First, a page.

Filmed entirely in Spain with an English-speaking cast, Anguish is a terrifying and twisted tale that was clearly well ahead of its time. What begins with the familiar – a psychopath hung up on his mother – is made wholly original here when barely a third of the way into the film something unexpected occurs. Our view pulls back to reveal that the movie we’ve been watching is actually a movie being screened in a moderately full theater. From there, the narrative splits ,moving viewers between the original film and what’s happening in the “real” world, and yes, Scream 2‘s opening sequence did borrow a bit from this earlier film. There’s something of a meta-commentary at play here on the power of movies, imagination, and the combustive combination of the two.

The film’s terror comes in its scenes set inside the second theater. While the first feels like the movie it is thanks in part to terrific turns by the highly recognizable Michael Lerner and Zelda Rubinstein, the “real” theater sees a nightmare unfold that in today’s world is no longer fictional. It delivers some tense and frightening moments, and it’s guaranteed to fuel fears in the back of your mind the next time you sit down in a darkened theater.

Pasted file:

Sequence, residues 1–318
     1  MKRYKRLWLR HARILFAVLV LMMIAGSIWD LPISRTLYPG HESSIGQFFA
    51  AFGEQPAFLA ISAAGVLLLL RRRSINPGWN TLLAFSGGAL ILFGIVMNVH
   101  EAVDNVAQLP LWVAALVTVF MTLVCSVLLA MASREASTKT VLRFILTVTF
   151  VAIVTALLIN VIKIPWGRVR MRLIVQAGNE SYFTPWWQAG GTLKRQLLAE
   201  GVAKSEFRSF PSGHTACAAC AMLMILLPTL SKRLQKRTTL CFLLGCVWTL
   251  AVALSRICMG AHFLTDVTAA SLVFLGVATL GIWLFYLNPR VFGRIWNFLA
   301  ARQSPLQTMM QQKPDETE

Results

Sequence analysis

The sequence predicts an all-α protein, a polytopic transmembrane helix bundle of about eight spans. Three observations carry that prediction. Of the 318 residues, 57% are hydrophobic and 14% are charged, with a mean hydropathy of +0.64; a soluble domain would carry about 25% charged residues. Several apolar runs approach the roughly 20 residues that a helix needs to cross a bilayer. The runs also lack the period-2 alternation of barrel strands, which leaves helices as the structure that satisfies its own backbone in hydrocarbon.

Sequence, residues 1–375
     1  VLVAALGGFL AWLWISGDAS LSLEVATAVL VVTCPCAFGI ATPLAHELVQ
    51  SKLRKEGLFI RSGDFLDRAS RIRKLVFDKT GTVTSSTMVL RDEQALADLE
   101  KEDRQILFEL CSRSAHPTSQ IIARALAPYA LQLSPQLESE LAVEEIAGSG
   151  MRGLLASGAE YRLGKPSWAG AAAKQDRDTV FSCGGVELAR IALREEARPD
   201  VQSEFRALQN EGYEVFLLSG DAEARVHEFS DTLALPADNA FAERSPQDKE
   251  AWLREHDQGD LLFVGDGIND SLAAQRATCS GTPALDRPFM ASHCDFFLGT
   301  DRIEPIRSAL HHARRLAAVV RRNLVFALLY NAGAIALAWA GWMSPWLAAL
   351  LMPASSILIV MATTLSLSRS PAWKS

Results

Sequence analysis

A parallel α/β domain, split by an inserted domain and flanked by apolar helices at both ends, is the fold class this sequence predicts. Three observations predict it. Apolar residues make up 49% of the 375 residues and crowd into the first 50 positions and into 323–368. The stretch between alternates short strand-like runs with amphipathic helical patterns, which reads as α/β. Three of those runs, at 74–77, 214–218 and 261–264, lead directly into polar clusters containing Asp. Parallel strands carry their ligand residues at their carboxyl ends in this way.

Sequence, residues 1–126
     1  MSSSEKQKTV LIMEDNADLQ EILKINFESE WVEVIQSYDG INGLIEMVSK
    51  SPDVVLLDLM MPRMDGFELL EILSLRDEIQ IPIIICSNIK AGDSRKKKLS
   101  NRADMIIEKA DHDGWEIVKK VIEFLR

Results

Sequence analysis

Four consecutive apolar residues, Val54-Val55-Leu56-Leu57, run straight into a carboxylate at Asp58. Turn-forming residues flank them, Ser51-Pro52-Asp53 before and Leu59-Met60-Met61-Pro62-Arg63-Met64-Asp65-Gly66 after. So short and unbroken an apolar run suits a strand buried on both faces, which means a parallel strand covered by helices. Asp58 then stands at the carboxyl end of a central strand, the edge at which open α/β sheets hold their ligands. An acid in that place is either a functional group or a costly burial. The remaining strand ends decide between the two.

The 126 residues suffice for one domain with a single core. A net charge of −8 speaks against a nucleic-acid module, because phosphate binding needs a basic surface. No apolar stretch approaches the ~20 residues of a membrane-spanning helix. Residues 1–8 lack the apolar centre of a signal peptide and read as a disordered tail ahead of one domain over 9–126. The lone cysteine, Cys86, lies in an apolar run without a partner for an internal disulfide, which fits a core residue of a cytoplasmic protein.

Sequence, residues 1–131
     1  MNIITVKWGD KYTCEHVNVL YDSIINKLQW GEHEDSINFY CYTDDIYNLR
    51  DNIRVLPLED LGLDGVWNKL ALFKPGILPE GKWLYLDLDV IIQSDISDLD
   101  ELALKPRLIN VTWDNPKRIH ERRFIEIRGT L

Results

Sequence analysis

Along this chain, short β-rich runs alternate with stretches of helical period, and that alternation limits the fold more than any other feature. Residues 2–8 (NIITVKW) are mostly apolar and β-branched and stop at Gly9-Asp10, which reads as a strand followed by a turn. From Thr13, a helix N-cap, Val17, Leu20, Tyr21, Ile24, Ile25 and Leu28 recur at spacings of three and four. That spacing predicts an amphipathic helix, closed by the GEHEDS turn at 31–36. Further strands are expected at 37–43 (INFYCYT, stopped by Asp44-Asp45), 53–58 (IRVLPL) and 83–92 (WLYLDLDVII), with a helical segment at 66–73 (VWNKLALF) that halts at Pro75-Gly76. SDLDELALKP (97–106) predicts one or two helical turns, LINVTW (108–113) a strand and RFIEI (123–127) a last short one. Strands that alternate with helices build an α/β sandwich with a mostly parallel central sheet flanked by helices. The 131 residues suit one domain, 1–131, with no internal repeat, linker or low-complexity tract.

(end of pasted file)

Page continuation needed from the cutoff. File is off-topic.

Anguish is available on DVD from Amazon.

In a Glass Cage (1986)

Klaus misses the good old days of World War II when he was allowed to abuse, molest, and murder young boys under the cover of war and its aftermath. Years after a failed suicide attempt, he lives confined to an iron lung to assist with his breathing. He lives with his wife, daughter, and a nurse, but when a young man named Angelo sneaks in one night, Klaus insists he be allowed to stay as his new caretaker. He was a former victim of Klaus’, but if you think he has a simple revenge in mind for the old Nazi, think again.

This is a hard watch at times – and by “at times” I mean from beginning to end – as it leaves viewers desperately searching for a character worth supporting. Harsh things are happening on screen both in the past (via flashbacks) and the present as Angelo’s intentions make themselves clear, and if torture porn was a real thing (it isn’t), this is the kind of movie some people might cite as an example. I realize none of this is selling the movie to you very well, though, so I’ll add that the performances are strong and the relationship that develops between the two is compelling in its unsettling and creepy nature. The teacher becomes the student, and both cruelty and submission are on the lesson plan.